Tropical Storm Greg[edit]

Tropical storm (SSHS)
Duration August 11 – August 15
Peak intensity 50 mph (85 km/h) (1-min)  1000 mbar (hPa)

Tropical Depression Seven-E formed 670 miles (1100 km) south of Cabo San Lucas on August 11, and was upgraded to Tropical Storm Greg a few hours later. Although only 750 miles (1200 km) from Hurricane Fernanda it showed no signs of being pushed northwards by interaction, but set off westwards to follow Fernanda into the Pacific. Greg was downgraded to tropical depression status on August 14 and remained stationary throughout the day. It began drifting slowly westward early on August 15 and was destroyed by shear later in the day.


Hurricane Hilary[edit]

Category 2 hurricane (SSHS)
Duration August 19 – August 25
Peak intensity 105 mph (165 km/h) (1-min)  970 mbar (hPa)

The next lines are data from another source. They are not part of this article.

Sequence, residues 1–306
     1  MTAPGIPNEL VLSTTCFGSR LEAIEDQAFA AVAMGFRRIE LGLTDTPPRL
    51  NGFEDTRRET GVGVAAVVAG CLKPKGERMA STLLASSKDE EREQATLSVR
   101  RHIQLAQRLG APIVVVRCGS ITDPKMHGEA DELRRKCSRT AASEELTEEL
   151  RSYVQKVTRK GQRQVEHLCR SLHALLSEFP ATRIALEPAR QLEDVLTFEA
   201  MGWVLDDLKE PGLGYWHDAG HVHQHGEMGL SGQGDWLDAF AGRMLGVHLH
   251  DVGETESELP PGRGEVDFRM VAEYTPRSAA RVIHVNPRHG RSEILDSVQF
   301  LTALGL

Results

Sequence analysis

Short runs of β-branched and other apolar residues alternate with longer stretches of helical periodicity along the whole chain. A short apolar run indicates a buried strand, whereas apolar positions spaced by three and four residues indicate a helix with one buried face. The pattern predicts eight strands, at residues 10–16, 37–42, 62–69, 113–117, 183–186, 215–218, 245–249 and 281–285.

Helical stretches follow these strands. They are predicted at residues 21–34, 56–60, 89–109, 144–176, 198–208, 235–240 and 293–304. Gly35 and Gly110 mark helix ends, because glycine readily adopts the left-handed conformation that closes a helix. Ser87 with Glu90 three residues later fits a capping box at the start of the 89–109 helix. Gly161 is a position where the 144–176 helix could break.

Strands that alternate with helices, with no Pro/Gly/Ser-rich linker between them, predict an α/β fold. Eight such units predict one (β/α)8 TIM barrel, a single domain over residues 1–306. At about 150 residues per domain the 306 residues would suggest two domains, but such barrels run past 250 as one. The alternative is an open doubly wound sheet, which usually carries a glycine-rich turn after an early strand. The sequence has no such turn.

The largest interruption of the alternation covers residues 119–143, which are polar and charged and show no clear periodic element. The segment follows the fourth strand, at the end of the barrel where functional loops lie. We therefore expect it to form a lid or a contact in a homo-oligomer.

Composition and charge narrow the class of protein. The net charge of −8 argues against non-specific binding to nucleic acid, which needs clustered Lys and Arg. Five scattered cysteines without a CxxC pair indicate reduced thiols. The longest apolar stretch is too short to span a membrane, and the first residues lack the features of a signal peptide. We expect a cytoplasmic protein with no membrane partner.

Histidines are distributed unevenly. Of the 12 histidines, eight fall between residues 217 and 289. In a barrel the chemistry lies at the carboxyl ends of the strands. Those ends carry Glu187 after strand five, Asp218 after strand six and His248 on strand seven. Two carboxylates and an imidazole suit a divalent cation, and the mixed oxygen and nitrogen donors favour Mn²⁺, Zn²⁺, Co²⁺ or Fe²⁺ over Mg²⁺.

A tropical wave that is asscociated with the formation of Hillary, moved off Western Africa on August 4. The wave initially had a large area of deep convention, but the convention quickly diminished as the system moved across the eastern portion of the tropical Atlantic Ocean. The wave continued westward without much development or organization, and crossed northern South America and then entered the northern Pacific Ocean on August 17. Mid-level circulation and convention organized with the wave, as it was south of Guatemala on August 18. The system's organization persisted, but without defining a well-established center of circulation, at the surface. Tropical Depression Eight-E finally formed from the area of disturbed weather south of the Gulf of Tehuantepec, 140 miles (230 km) south of Puerto Angel, Mexico, on August 19. It strengthened to a tropical storm late that evening, and reached hurricane strength 24 hours later. Moving parallel to the Mexican coast and about 300 miles (480 km) off-shore, it reached Category 2 on the Saffir-Simpson Hurricane Scale late on August 21. Tropical storm winds affected the coast and a tropical storm warning was issued for a while. Hilary dissipated not long after weakening to a tropical storm on August 25.